• I now understand what vitreous detachment is. What is the cure or fix for the disease if any? Is there any treatment available to improve the condition?


    Question:

    I now understand what vitreous detachment is. What is the cure or fix for the disease if any? Is there any treatment available to improve the condition?


    Answer:

    A posterior vitreous detachment (PVD) is when the vitreous (or gel) pulls away from the retina lining the back of the eye. Symptoms of a PVD include flashes and floaters. A PVD is a normal part of aging but in some cases can lead to a retinal tear or retinal detachment. See an ophthalmologist when you begin seeing floaters and flashes or notice a change in your floaters and flashes. They will check the health of your retina during the exam.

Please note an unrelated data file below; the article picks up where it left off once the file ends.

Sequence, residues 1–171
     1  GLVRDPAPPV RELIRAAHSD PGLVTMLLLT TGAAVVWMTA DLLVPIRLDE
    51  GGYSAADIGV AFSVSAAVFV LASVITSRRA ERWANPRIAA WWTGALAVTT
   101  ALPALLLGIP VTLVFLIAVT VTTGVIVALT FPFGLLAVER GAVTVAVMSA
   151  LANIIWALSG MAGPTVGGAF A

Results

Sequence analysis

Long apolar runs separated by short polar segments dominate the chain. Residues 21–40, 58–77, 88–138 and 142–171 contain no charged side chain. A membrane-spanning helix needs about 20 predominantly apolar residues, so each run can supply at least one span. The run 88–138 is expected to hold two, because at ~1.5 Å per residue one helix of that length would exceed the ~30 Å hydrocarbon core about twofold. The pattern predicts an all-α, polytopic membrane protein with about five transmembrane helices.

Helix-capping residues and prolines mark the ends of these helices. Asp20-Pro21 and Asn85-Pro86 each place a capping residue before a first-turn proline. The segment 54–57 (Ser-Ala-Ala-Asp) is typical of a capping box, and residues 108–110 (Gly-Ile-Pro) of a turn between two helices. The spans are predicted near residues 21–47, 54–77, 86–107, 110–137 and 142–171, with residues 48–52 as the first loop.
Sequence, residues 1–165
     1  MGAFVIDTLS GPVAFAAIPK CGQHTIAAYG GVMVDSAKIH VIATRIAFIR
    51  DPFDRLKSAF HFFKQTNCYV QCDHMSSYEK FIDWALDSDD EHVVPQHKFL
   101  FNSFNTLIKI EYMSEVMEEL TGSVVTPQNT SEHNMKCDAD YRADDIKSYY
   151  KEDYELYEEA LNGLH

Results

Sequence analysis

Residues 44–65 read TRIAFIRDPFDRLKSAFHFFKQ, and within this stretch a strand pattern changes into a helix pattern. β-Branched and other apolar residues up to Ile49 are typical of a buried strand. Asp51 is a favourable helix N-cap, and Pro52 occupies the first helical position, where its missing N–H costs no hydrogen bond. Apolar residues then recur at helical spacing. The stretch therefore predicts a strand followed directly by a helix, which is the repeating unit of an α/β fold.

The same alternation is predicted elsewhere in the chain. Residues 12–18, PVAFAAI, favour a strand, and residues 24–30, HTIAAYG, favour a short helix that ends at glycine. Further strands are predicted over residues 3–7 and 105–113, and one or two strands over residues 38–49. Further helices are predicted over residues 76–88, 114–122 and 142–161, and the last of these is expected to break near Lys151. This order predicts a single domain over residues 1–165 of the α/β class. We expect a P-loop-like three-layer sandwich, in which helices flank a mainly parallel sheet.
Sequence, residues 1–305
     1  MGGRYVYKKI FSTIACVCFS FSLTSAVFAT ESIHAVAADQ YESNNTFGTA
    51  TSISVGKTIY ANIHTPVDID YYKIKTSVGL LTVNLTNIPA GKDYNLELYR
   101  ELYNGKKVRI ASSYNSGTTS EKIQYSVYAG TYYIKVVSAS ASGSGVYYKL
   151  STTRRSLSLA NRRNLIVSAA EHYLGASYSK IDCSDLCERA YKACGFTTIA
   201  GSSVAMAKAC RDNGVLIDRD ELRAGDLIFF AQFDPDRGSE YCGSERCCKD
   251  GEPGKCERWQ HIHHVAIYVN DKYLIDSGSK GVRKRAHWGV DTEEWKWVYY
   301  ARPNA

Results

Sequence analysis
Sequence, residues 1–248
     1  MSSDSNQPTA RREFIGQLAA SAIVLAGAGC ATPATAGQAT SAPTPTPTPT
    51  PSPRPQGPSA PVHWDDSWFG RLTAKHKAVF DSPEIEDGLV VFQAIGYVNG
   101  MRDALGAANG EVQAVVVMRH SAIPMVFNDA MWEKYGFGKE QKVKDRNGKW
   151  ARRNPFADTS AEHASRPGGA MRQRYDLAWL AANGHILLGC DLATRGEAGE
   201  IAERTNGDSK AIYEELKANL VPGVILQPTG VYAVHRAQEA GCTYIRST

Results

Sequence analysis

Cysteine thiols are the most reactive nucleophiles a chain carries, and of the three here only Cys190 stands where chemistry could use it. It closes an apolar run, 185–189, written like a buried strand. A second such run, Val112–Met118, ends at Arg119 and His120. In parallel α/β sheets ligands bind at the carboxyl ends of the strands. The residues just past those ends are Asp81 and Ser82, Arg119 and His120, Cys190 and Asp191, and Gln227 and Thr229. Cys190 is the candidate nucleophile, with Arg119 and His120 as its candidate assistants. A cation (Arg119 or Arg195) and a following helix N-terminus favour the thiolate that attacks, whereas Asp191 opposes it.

Often the most bothersome part of a PVD, the floaters, will improve with time. It can take 3-6 months for them to improve. If they persist for longer and have an impact on important activities like reading or driving, then surgery to remove them can be considered. Because surgery (a vitrectomy) can have potential complications such as cataract, retinal detachment, and infection among other things—it is important that the floaters are significant and severely impairing your activities.


    Answered By: